Ngo: Whether or not foreign governments speak out, the Chinese government always will brand anyone who stands against it as somehow influenced or paid off by so-called “foreign forces.” There’s never been any evidence of that, but even thirty years ago during the Tiananmen protests, that label was there. The Chinese government is always going to deny agency to the protesters, which I think obviously is inaccurate. Yes, the British government has spoken out, as it should. [The 1997 Joint Declaration agreement] on Hong Kong promised a high degree of autonomy in accordance with the “one country, two systems” framework for a period of fifty years, so the British government actually has a legal and moral responsibility to hold the Chinese accountable on this at least until 2047. Usually they stay silent and only speak out when there are huge protests. The British have done the right thing, but overall there’s still so much that they could do. Then at the G20 the Japanese prime minister and the American president both spoke personally to a president Xi Jinping about human rights in Hong Kong. I’m happy that they did it, but the international community could do more.
Chen: Hong Kong has basically spent the last couple of generations passing from one caretaker government to another without actually experiencing a full democracy. To what extent do you feel like there’s a movement building for real autonomy or even independence in Hong Kong?
Ngo: My colleagues and I and other civil society groups have been fighting for the past couple of years to try to build a movement for self-determination. So self-determination does not necessarily mean that we advocate independence one way or the other. It could certainly lead to that, but it could also lead to a number of other options. For me self-determination just means that Hongkongers can decide what happens to Hong Kong, and specifically we’re thinking about Hong Kong’s future in terms of our sovereignty status beyond 2047. After 2047 the assumption is that Hong Kong will fully integrate into China, and that is a future that I and certainly many in my generation of Hongkongers don’t want to see. I think there is a case to be made for self-determination because the 1997 handover was basically just us being passed from one colonial master to another. Hong Kong has not been part of this process, so we don’t want to miss the second chance to do this. I still think that it is vital to have international community support. About two years ago, there was an independence referendum held in Catalonia. Overwhelmingly the people who participated in that referendum voted in favor of independence, but the Spanish government didn’t want to recognize it, and it never materialized. So it seems like from a long historical perspective, it’s very rare for a central government of any country to allow an independence referendum to take place and then to honor the results. Given that is the reality, in order for Hong Kong to even imagine a referendum or some kind of arrangement in which Hong Kong could participate in [determining] its future, international support is vital.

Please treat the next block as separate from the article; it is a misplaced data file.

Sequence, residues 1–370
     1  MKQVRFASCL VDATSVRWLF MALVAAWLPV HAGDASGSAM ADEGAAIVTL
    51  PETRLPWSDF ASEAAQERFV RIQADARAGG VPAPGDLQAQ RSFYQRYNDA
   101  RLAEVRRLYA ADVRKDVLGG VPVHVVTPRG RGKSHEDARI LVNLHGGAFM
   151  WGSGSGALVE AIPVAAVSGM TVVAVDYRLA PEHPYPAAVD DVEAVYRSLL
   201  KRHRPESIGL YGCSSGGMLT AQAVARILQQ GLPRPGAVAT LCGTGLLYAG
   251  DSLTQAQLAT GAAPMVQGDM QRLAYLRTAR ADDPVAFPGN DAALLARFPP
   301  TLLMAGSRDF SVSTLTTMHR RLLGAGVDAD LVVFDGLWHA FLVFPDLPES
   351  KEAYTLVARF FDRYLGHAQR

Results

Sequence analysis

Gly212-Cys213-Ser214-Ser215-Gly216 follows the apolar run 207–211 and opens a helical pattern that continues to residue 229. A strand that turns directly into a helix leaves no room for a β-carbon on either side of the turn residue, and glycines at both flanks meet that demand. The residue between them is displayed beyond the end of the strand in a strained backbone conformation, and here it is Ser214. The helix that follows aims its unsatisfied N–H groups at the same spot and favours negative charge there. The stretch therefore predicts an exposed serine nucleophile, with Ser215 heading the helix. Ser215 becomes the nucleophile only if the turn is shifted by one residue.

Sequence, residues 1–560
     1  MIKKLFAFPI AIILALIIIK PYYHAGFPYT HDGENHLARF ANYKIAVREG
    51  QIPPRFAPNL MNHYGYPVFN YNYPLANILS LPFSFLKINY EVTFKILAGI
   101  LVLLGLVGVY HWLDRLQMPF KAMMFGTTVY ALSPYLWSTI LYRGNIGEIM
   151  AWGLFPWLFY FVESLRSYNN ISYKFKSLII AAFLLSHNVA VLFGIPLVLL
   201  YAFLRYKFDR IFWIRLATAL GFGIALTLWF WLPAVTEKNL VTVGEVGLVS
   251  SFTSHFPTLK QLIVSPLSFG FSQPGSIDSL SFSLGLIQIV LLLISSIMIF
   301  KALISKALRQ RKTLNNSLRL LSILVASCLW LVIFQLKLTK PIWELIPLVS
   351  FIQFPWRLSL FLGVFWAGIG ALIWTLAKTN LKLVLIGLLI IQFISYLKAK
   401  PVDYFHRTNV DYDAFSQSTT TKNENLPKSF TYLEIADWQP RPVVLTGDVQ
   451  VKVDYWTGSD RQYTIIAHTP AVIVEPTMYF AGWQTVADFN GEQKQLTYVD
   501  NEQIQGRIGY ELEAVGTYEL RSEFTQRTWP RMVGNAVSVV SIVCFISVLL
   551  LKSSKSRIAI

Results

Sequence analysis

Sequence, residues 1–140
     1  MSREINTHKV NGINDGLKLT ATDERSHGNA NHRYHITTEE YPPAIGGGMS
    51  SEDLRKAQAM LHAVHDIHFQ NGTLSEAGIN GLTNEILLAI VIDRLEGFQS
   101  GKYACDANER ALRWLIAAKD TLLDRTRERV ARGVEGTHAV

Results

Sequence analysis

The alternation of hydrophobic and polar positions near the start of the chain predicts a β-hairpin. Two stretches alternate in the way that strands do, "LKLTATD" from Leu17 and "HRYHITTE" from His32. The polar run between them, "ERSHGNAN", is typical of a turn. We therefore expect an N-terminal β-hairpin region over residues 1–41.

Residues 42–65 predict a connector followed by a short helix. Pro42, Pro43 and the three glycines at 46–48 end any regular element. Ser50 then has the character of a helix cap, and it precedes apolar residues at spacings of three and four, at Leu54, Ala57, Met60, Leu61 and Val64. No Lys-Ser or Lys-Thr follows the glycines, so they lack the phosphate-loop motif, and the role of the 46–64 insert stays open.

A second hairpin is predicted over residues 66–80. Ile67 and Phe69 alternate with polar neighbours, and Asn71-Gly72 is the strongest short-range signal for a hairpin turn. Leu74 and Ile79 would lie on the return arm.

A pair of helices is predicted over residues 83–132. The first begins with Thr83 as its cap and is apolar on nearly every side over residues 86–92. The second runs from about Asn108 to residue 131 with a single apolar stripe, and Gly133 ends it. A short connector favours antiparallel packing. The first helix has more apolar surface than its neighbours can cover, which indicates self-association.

Chen: Just to go back to what unfolded in the recent protests, the storming of the Legislative Council turned things up a notch. Of course, Beijing condemned this as “violence,” but it was primarily property destruction. How do you feel as someone who’s been a part of this movement to see that unfold on the international stage?
Ngo: I wasn’t at the Legislative Council, but I was part of the bigger protest on the day that was organized by a civil human rights front in Hong Kong. In terms of the decision to escalate, I think it takes a lot of courage. I can understand why a substantial number of people may not agree with every single thing that the protesters did in terms of breaking into the Legislative Council, whether they think it is a right and wrong issue, or whether they simply think it’s a tactical error, but I think most people who have protested in this movement over the past couple of weeks understand why it happened. And that is because the Hong Kong government under Carrie Lam is completely incapable or unwilling to listen to Hongkongers. In order for Carrie Lam to listen, some escalation is needed.
Chen: How do you think this movement might differ from movements that we’ve seen over the past few years? Do you have any advice for how to galvanize a so-called leaderless movement?